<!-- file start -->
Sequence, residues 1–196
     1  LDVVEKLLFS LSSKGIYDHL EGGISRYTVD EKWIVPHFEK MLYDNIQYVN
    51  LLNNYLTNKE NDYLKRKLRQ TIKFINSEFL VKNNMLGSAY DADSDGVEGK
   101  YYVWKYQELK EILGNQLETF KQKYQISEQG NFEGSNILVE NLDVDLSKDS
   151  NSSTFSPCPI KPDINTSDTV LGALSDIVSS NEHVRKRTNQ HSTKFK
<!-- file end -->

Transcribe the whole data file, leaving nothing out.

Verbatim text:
Sequence, residues 1–196
     1  LDVVEKLLFS LSSKGIYDHL EGGISRYTVD EKWIVPHFEK MLYDNIQYVN
    51  LLNNYLTNKE NDYLKRKLRQ TIKFINSEFL VKNNMLGSAY DADSDGVEGK
   101  YYVWKYQELK EILGNQLETF KQKYQISEQG NFEGSNILVE NLDVDLSKDS
   151  NSSTFSPCPI KPDINTSDTV LGALSDIVSS NEHVRKRTNQ HSTKFK